Below is a short, by no means exhaustive selection of projects:
3D food printing
Technology-driven research in food is concerned increasingly with 3D printing techniques, in order to be able to manufacture individualisable products. The advantage of manufacturing single items is clear. However, the concept also has disadvantages, mainly in terms of production speed. At present we are focussing on (a) the development of new, disruptive product concepts which offer added value compared with traditional processes, (b) the development of hybrid production procedures to increase speed and (c) the development of masses based on materials science.
The aim of the interdisciplinary project is to develop concepts for decentralised digital food manufacture at point of sale, in which the integration of humans and machines will be key. As well as communication strategies we are developing various complex process chains for each of two application scenarios and are evaluating them by means of a benefit analysis.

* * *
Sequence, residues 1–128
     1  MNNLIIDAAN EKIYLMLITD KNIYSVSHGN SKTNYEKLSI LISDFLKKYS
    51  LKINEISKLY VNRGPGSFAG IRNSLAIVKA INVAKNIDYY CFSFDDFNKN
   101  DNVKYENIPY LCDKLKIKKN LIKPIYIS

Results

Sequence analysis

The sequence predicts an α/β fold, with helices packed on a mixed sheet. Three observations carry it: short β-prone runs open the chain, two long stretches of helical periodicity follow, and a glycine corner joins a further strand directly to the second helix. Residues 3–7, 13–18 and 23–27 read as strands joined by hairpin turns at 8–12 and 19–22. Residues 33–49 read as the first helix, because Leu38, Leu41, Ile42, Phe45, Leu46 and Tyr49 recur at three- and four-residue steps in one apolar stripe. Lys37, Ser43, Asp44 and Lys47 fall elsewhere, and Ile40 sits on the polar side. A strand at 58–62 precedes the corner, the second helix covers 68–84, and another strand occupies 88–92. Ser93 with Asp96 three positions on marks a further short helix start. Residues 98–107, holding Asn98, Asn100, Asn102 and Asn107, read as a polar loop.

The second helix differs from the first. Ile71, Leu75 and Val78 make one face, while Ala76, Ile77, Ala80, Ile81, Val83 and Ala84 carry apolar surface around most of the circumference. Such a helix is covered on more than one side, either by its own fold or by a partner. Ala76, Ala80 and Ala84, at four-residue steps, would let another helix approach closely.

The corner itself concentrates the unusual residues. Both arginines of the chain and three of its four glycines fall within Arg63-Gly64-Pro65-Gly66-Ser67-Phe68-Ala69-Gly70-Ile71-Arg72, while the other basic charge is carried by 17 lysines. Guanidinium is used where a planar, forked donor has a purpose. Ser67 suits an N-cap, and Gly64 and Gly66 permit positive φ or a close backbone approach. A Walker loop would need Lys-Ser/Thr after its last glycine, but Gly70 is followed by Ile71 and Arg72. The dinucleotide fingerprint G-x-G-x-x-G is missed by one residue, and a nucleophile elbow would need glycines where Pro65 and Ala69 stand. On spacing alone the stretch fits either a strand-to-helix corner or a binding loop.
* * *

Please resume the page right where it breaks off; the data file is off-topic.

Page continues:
The amount of whey produced in Switzerland for human consumption can be expanded significantly. The biggest obstacle is the diversity of whey, which can lead to incalculable economic risks in terms of the process behaviour. In this project we are aiming to substantially increase our knowledge of whey variety by looking into the impacts of their compositions on processes and product characteristics in more detail.
In the FermPlant project we are devising fermentation strategies for vegetables, in order to enhance their nutritional and sensory quality. This aims to help to boost the consumption of vegetables in Switzerland. By optimising the fermentation conditions (temperature/time profiles) and with the targeted use of appropriate bacterial strains (starter cultures) we are hoping to produce a mild acidification during the fermentation of vegetables, which consumers find more acceptable. In a second part we are attempting to enrich fermented vegetables with microbially produced vitamin B12 through the combined use of starter cultures – particularly in terms of production speed. This would provide a natural alternative to synthetic supplementation.
The menuCH study showed that the proportion of people who consume less than one portion of fruit or vegetables per day is highest among 18 to 34-year-olds, at 19 per cent. Other studies have shown that the choice of meals containing healthy foods can be encouraged in cafeterias with descriptive names and suitable information. In this project we are investigating the positive influence upon consumer choices of various names for or descriptions of meal options containing vegetables in community catering.